Fees, registrations and licenses charged to the Cayman Islands financial services industry earned about 39 percent of all revenues for central government last year, according to figures produced in annual financial statements by the Ministry of Financial Services.
According to the records, $102.7 million was earned in regulatory licenses and fees and another $138.2 million was earned in entity registrations (such as company registrations) during the government’s 2014/15 fiscal year, the latest year for which financial statements are available.
In addition, trade and business licenses for financial services companies earned $1.7 million while immigration-related fees charged to financial services companies totaled $13.1 million for the year.
For the year, those taxes and fees accounted for $255.6 million of the $659.6 million the government earned in revenue – not counting the operations of statutory authorities and government companies.
In addition to providing the cash for government operations, the ministry estimated the financial services sector provided about 16 percent of the jobs in the Cayman Islands labor force during 2014. That number includes legal and accounting services within the industry.
“The jobs generated by the industry are relatively high-paying and, in 2014, 71.5 percent of financial services jobs were held by Caymanians,” the ministry’s annual report stated.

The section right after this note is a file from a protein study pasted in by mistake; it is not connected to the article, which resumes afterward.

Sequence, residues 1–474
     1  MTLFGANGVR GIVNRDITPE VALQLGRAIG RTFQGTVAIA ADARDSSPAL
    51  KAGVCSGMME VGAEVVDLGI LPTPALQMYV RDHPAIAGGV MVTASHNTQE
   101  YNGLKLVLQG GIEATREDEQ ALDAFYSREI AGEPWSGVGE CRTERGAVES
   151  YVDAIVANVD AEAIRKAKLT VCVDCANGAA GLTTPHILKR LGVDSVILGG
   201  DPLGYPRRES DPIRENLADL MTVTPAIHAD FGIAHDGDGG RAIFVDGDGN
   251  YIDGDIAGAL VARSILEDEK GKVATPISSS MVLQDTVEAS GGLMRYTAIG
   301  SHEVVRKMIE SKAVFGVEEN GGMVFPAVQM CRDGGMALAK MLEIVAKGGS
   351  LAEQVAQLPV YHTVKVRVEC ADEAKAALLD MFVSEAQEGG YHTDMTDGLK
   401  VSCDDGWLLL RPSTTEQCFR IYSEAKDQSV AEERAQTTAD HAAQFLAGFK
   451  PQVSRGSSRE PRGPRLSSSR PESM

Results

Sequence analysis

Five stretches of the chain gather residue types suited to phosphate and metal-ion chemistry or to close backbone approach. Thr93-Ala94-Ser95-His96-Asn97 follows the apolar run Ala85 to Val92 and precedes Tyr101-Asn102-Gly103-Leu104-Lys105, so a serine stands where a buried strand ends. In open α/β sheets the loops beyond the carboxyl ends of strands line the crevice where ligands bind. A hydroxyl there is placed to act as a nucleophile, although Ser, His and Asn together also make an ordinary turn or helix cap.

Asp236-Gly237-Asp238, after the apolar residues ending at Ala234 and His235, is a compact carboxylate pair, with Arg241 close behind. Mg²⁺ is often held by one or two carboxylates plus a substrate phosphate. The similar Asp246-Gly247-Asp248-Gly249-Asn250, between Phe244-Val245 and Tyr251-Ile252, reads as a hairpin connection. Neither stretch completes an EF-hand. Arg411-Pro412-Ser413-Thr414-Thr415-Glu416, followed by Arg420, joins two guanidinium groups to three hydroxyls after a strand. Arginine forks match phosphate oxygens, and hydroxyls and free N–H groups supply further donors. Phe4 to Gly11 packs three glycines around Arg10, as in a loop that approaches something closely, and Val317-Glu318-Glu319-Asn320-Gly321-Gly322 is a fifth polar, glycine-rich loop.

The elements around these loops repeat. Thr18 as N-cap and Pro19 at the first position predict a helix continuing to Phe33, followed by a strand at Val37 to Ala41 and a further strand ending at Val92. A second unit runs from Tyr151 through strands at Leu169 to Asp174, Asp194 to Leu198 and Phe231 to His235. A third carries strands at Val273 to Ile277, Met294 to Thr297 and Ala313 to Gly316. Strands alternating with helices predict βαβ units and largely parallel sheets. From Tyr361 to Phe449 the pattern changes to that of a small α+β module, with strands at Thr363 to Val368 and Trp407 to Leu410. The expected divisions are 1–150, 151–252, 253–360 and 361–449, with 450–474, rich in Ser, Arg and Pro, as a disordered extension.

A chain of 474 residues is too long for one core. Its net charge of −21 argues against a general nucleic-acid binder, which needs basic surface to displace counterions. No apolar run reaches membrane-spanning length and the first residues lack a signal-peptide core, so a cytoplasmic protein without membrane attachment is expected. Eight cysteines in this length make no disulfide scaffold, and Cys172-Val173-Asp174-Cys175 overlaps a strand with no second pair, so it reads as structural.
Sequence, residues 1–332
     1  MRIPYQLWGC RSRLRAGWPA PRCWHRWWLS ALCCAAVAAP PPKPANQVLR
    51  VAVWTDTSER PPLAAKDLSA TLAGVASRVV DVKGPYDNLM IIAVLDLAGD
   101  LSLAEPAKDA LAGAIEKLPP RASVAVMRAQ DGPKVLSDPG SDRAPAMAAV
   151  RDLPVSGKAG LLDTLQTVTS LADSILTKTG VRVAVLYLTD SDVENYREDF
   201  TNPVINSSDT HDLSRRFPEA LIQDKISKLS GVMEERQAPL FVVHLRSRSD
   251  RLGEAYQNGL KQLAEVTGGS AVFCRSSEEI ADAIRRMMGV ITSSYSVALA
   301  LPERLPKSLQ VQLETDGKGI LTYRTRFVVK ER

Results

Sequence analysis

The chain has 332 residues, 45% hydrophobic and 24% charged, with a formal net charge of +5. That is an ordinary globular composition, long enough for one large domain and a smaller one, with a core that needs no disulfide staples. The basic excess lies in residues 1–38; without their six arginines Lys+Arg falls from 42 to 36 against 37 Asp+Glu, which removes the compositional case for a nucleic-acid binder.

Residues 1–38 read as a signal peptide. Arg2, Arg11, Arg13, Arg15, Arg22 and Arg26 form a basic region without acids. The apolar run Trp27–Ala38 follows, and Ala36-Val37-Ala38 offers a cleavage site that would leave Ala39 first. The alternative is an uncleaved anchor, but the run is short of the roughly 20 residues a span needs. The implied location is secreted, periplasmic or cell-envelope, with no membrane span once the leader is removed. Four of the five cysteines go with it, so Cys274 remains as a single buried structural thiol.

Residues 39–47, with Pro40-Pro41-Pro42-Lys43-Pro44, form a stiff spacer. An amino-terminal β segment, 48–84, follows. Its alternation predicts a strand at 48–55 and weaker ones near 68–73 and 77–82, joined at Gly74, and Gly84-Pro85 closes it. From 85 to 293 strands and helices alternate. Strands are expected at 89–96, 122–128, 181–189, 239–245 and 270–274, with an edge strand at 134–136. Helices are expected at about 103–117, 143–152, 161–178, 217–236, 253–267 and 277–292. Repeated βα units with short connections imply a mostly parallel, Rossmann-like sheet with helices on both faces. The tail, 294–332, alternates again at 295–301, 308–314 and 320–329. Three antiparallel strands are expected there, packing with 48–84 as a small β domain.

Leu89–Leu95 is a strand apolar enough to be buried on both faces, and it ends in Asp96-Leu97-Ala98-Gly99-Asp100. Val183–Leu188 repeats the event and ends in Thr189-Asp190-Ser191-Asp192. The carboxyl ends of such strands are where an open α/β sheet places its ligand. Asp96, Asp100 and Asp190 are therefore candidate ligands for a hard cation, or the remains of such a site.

According to the government’s latest human resources report, roughly 74 percent of the jobs in the central civil service were held by Caymanians.
In terms of impact on the economy, the annual report estimated some 52 percent of Cayman’s gross domestic product was attributable to the financial services industry and related legal and accounting professions.
“These are measures of direct impact only,” the report stated. “The indirect and induced impacts [purchases of goods, services etc.] account for a further five to 10 percent contribution to gross domestic product.”
The ministry report also alludes to other tourism-related impacts from the financial services sector to the local economy, although the references made in the report are not from the 2014/15 government budget year.
According to a 2009 Oxford Economics study, more than 31,000 visitors came to Cayman during 2007 as clients, vendors or participants in conferences, staying for a total of 100,000 nights and spending an estimated $20 million.